Despite the challenges of the last year, we at MNC are eagerly anticipating a better year ahead with new programs in development for our community as well a couple of new drug therapies on the horizon. To say that 2020 has tested all of us in one way or another is an understatement. COVID-19 has presented significant challenges to our healthcare system. It has had negative impacts on our patient community – a community that often already has difficulty accessing timely diagnosis and treatment. This has increased anxiety for patients and families. It has also increased the potential for missed or delayed treatment and has created added stress and pressure for our medical teams.
Along with many of you and perhaps your workplaces, Melanoma Network of Canada (MNC), had to turn on a dime and modify services, programs and fundraising activities. What we, as an organization, were able to achieve in 2020, embracing our need to change gears quickly, is a testimony to our resiliency. Our Board of Directors, our ever caring and committed staff, and our community of volunteers and supporters helped MNC weather the storm and still produce some new and amazing programs and services.
Cancer doesn’t care about COVID-19 and we know we continue to push forward.
While we have many challenges ahead in delivering our programming, which has been in greater demand this past year, we have managed the transition smoothly. Cancer doesn’t care about COVID-19 and we know we continue to push forward. In fact, we continue to distribute our materials at record rates. We have responded to thousands of inquiries and support calls, delivered virtual support groups, provided informative webinars, developed two patient-input drug submissions, and created new awareness and prevention videos – all in the midst of this chaotic environment.
One of MNC’s biggest achievements coming out of 2020, and one that fulfilled a long-held goal of mine, was the development of the first CME accredited primary care physician education program. This program is available as of February 2021 on-line to help educate primary care physicians in the identification of melanoma and skin cancers. This will truly help save lives by helping physicians to diagnosis skin cancers more effectively, educate about treatment therapies, and triage to the appropriate follow up as required. Many thanks to our corporate sponsors and donors who were instrumental in funding the development of this program, which we hope to make available for years to come.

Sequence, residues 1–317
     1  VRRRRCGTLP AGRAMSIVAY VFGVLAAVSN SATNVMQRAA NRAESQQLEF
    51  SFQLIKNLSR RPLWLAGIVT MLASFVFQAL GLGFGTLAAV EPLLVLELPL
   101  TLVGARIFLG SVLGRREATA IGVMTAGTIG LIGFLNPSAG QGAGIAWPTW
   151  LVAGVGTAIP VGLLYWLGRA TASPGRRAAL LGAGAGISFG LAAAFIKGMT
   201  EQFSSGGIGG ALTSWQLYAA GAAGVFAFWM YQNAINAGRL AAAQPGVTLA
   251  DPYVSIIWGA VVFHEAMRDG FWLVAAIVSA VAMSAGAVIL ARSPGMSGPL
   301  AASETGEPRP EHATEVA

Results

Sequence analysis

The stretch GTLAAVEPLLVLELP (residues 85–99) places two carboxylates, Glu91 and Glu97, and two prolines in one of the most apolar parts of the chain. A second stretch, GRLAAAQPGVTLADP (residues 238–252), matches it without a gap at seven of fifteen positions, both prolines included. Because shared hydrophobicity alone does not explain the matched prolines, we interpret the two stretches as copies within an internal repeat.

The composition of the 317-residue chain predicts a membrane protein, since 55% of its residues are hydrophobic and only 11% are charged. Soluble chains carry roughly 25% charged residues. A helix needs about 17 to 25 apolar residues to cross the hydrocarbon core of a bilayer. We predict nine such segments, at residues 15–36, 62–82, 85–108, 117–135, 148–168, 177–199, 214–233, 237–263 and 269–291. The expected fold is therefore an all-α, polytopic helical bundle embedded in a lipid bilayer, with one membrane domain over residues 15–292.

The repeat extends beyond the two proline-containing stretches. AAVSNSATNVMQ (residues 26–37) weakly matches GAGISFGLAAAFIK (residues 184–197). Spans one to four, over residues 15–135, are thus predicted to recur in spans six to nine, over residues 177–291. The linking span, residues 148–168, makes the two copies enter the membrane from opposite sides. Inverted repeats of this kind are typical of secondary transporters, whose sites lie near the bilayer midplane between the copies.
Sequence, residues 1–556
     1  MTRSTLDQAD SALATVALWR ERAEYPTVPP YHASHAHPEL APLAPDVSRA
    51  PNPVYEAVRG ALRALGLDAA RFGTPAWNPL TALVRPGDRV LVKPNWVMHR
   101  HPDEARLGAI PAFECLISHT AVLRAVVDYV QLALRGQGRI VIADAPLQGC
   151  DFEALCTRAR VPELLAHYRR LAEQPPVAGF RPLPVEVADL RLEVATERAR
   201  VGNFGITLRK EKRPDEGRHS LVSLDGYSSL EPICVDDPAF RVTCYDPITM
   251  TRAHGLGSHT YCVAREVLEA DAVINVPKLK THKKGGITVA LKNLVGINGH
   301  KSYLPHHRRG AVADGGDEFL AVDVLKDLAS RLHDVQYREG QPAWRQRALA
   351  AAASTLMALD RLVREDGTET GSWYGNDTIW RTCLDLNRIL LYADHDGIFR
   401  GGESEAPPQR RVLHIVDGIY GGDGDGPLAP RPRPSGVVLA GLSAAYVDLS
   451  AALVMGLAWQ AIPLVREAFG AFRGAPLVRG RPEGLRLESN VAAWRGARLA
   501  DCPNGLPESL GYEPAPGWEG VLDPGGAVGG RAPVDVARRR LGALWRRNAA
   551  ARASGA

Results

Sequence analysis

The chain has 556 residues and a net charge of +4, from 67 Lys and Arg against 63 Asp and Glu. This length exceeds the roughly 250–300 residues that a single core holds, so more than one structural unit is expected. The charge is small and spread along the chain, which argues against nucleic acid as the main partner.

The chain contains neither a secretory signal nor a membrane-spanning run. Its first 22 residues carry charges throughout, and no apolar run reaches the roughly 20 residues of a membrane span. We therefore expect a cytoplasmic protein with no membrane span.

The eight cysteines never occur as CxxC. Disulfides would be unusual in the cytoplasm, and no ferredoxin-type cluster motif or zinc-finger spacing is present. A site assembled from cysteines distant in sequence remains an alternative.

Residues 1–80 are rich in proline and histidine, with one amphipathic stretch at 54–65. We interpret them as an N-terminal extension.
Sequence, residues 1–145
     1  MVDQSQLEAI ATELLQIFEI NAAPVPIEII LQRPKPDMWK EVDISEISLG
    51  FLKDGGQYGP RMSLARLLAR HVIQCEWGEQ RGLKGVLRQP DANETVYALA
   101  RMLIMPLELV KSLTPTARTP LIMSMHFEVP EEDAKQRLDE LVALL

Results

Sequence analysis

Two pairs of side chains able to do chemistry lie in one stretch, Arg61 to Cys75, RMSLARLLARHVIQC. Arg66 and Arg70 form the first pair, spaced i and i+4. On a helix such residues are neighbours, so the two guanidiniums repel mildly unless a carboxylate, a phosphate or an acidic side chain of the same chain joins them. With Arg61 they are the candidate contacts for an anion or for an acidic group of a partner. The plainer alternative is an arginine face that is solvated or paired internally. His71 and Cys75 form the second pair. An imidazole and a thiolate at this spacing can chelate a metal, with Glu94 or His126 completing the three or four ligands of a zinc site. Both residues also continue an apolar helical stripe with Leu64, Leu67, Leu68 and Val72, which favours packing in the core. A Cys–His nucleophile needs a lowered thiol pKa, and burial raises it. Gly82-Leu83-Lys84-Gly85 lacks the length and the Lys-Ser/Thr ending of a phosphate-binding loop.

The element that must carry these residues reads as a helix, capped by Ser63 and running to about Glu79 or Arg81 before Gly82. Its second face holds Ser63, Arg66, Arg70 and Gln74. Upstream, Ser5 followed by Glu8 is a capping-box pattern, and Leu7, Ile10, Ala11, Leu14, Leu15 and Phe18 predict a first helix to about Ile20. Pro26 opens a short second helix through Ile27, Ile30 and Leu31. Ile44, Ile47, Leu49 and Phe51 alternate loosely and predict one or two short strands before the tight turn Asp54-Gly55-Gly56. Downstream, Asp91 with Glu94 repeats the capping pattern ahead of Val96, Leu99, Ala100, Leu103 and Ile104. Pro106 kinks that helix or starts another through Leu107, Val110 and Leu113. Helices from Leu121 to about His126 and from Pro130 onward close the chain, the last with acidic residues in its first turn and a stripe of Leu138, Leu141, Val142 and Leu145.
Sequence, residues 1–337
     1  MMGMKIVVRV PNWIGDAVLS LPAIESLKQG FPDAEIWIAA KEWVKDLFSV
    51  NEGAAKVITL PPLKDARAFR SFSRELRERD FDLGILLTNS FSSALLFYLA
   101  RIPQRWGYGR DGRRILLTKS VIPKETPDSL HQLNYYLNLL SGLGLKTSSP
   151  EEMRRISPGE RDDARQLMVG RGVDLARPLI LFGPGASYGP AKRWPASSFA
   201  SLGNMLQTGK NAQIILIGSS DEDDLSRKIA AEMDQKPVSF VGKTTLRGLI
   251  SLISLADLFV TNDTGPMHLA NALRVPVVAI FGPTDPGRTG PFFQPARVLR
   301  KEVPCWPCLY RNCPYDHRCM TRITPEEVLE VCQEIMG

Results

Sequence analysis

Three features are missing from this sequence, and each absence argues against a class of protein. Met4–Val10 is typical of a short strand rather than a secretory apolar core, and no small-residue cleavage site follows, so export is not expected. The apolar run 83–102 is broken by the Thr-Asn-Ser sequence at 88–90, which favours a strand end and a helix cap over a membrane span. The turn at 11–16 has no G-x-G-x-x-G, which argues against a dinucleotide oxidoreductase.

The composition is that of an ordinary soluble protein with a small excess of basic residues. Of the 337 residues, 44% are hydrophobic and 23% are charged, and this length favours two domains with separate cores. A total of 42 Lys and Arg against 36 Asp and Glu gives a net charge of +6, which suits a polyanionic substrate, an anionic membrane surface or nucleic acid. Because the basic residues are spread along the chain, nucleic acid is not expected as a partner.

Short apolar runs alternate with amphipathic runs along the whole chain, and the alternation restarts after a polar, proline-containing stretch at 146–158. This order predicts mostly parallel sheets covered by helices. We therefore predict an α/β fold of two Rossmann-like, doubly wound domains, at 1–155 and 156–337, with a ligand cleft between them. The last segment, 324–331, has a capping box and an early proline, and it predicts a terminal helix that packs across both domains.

Patience, Empathy and Hope
I have already mentioned resiliency and how that will help us adapt and learn from the current environment. But for those struggling through treatment or waiting for results on their diagnosis, we can help by having patience and empathy, more so than ever. Merriam-Webster defines empathy in part as ‘the action of understanding, being aware of, being sensitive to, and vicariously experiencing the feelings, thoughts, and experience of another..’ In other words, we must meet people where they are—to understand what they are facing. It is nearly impossible to put ourselves in the shoes of others with a cancer diagnosis. However, that connection comes from our own life struggles and difficulties—and we all have them. I have never met anyone who went through life carefree.
These experiences can either harden you or soften you—but we always learn from them. I know empathy alone is not enough. We also need hope. We may not know what is around the corner, but we have to hope that we will prevail. Improved treatments and diagnostics continue to come. The road for patients is a tough one. Resiliency, empathy for each other, and hope will get us through the challenges we are facing. MNC will be there to help our patient community on their journey, ensuring access to therapies, information, support, and resources. With your continued support, we will continue to make a difference!
ANNETTE CYR Three-time melanoma survivor, Chair & Founder, Melanoma Network of Canada